Experts’ opinions on the matter vary. On one hand, researcher Dr. David Luwig, Harvard University professor and pediatric obesity expert, urges children’s service agencies to intervene in severe cases, sighting a failure to control imminent weight-related health concerns as a form of neglect.[ii] Experts urge that this neglect is similar to physical abuse – an imminent danger to the child’s health. Others, including Dr. Arthur Caplan, professor of bioethics at the University of Pennsylvania, advocates for a broader public –policy approach before separating families. While he agrees that “A 218-pound, 8-year-old is a time bomb,” Dr. Caplan underscores the impracticalities of such an approach. Approximately one third of America’s children are overweight or obese. Logistically speaking, the foster care system in the United States is not capable of taking care of all of them. Furthermore, the emotional and economic consequences of placing them in foster homes, followed by associated health care costs, does not make this a viable option. Instead, Professor Caplan urges that we reconsider the hypocritical policies of our nation, mainly the inevitable contradiction that exists when we categorize childhood obesity as neglect, yet allow for unrestricted food marketing to our children and instead develop a comprehensive public policy approach.
What are the ethical implications of removing a child from his home for weight concerns, while allowing for unregulated marketing of unhealthy foods (such as the recent controversy of advocating pizza to be considered a vegetable)? The Cuyahoga County boy may be one example; the national obesity crisis remains unresolved. Should this single case set the precedent for millions of other American children or will we demonstrate the political will and commit the resources to address obesity and reverse its toll for the next generation? Categorizing childhood obesity as neglect is, at best, a short-term solution. With the projected increasing obesity rates, it is infeasible and undesirable to remove all overweight or obese children from their parents’ custody. Furthermore, we must think about the emotional and mental implications as well as the stigma associated with disrupting a nuclear family unit. This is not a viable policy approach for the growing obesity epidemic among our nation’s youth. Further effective public policy approaches are needed that can be sustained long-term. Should the food industry be regulated in their campaigns targeting children? Should economic incentives exist for families who maintain a healthy start for their children? Whether or not these particular policies are adopted, the need for this national dialogue is urgent.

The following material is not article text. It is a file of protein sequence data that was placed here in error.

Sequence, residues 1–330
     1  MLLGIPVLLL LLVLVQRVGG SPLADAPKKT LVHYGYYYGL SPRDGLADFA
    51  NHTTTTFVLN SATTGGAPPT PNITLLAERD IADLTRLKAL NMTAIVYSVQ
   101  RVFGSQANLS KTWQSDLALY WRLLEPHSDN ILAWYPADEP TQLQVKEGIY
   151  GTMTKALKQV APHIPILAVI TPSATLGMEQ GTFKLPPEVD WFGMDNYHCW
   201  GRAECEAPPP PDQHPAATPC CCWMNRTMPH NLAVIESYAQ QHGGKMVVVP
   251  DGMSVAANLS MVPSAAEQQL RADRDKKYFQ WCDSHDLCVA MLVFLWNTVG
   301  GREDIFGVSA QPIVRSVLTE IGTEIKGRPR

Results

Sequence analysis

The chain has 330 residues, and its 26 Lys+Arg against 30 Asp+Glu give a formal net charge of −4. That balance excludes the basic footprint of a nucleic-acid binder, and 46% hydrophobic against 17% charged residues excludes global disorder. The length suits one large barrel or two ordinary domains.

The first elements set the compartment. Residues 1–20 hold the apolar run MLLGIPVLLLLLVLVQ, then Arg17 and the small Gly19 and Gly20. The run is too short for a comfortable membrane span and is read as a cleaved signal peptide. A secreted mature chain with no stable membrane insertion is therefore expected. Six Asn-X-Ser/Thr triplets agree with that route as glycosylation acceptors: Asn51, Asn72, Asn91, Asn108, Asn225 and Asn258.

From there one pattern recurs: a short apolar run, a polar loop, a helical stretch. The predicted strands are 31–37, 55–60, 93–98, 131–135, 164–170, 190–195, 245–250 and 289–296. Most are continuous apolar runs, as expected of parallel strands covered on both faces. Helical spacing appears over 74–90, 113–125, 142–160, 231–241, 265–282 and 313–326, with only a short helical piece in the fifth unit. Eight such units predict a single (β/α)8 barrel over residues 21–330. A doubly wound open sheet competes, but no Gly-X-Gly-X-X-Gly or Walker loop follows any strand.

[i]Dissell, Rachel. “County places obese Cleveland Heights child in foster care.” http://blog.cleveland.com/metro/2011/11/obese_cleveland_heights_child.html
[ii] Turley, Jonathan. “Harvard Professor Under Fire After Calling For Obese Children To Be Removed From Homes In Severe Cases.” http://jonathanturley.org/2011/07/14/harvad-professor-under-fire-after-calling-for-obese-children-to-be-removed-from-homes-in-severe-cases/#more-37073